Autumn Tramp Over Chevin

Pleased to finally have got round to this! This is a mini project, I'd wanted to do for a while. It's a series of still photos taken and put together in sequence as a film. The photos document a walk through a woodland area of the Chevin, Otley. The key aim of the work is to celebrate the colours, as well as my spellbound, clumsy movements through the space... Here are some of my favourite stills...

The Dark Earth and the Light Sky, (Play about Walking Poet)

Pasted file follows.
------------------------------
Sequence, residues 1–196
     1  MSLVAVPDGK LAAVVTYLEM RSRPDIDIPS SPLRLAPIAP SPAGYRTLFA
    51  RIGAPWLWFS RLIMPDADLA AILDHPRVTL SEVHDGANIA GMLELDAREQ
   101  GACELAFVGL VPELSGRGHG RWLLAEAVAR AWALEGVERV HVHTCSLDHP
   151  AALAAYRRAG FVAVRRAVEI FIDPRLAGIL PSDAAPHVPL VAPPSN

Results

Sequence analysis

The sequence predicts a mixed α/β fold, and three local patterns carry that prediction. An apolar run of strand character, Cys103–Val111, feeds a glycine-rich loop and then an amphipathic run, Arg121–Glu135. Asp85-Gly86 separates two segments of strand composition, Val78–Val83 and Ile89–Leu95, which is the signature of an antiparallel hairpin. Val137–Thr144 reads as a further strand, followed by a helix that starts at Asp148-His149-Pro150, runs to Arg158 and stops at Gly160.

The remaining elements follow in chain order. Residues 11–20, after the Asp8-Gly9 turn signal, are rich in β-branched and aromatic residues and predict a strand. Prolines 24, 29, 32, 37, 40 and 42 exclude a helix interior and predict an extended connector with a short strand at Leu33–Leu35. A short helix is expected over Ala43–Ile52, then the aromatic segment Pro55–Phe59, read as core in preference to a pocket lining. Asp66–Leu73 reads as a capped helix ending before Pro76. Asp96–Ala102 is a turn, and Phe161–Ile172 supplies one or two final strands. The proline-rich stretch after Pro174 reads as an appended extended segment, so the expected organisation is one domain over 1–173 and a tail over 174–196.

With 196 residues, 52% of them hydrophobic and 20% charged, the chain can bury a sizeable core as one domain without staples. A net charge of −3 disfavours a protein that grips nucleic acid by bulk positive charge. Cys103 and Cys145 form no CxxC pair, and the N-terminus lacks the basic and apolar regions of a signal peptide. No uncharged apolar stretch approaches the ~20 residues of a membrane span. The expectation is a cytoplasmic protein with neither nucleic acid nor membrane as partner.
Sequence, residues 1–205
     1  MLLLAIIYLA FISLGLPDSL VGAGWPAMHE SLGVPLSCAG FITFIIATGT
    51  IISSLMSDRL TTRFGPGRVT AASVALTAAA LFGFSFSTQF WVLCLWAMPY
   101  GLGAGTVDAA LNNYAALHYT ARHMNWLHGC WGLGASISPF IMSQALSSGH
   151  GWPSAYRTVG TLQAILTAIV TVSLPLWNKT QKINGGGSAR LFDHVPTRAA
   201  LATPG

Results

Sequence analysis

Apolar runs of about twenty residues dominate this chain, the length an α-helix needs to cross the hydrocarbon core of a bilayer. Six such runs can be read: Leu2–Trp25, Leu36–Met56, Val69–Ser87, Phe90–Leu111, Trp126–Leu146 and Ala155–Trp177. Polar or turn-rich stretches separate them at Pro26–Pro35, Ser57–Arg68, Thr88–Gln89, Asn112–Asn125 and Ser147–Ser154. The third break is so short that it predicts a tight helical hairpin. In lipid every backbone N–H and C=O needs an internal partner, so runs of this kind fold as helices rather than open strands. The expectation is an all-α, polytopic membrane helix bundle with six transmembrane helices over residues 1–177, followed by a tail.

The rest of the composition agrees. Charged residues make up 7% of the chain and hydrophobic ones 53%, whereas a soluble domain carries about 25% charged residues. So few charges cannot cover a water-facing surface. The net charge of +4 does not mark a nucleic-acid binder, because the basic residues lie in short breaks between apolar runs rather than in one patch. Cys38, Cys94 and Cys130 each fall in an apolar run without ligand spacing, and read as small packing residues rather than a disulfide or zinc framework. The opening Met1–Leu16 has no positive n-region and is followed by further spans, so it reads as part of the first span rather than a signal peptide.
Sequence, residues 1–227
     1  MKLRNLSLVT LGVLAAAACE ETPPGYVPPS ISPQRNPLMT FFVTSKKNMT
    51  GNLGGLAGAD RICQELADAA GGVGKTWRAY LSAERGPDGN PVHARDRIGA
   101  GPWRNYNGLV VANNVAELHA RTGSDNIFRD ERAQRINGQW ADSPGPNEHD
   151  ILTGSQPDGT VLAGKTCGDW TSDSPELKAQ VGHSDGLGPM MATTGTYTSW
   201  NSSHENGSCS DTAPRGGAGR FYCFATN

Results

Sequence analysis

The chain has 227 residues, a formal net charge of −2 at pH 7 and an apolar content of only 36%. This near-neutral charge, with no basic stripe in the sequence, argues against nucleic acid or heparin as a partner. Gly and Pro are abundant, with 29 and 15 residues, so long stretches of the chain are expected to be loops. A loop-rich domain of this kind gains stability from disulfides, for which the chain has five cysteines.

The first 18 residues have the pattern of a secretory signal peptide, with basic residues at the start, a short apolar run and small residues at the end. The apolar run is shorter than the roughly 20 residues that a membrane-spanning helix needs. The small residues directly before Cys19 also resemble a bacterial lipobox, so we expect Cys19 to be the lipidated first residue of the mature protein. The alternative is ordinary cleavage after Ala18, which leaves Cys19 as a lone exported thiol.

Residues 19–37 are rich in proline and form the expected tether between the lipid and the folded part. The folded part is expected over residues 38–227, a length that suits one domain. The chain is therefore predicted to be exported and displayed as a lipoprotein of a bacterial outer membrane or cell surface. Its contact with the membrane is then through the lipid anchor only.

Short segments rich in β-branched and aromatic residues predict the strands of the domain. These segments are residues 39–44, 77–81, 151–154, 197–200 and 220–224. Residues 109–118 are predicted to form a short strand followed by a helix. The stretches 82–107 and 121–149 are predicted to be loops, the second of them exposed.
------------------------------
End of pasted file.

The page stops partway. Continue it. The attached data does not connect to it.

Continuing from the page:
The Dark Earth and The Light Sky, play programme Something that regularly frustrates me is the fact I will never have time to get through all the books, articles, web links, plays and films that I've noted down at various times on whatever media has come to hand. Even if I had one comprehensive list stored in one memorable location, the list would always grow a hundred times faster than it would ever decrease. Take one of my current reads for example: 'The Old Ways: A Journey on Foot', Robert Macfarlane. I'm half way through and there is already an impossible number of authors to look into, poets to read, artists to explore and places to visit! One of the more significant references in this book is the poet Edward Thomas. I'd just made a note to find out more about him when I heard an interview on the radio with Sir Richard Eyre. He was talking about a play based on Edward Thomas that he (Sir Richard Eyre) was directing . Yet another scribble on another notepad was made, along with a determined promise to actually follow up this scribbled notelet and not to let it simply vanish in the ether like so many others before! It was the weekend before Christmas, CB and I were back in London to have Christmas at my folks. It was the best opportunity we had, and we decided to catch the matinee performance of The Dark Earth and the Light Sky at the Almeida Theatre in Angel. I admit that a play about Edward Thomas, a poet who loved to walk but suffered from severe depression, had a troubled marriage and died in the trenches of World War One isn't the most 'Christmassy' thing we could've done, but we made up for it with a festive pint of Rosey Nosey (Batemans brewery) in a pub full of Christmas jumper wearers afterwards! While it isn't the most light-hearted of plays, it's not as heavy as you might expect either. There's plenty of humour and I was totally fascinated and gripped by all the characters and their stories throughout. It's a really strong, emotive and intriguing performance from the small cast and I came away with a new list of authors and poets! Put simply, it's a 9 out of 10 for me and an absolute must see for anyone into the countryside and walking!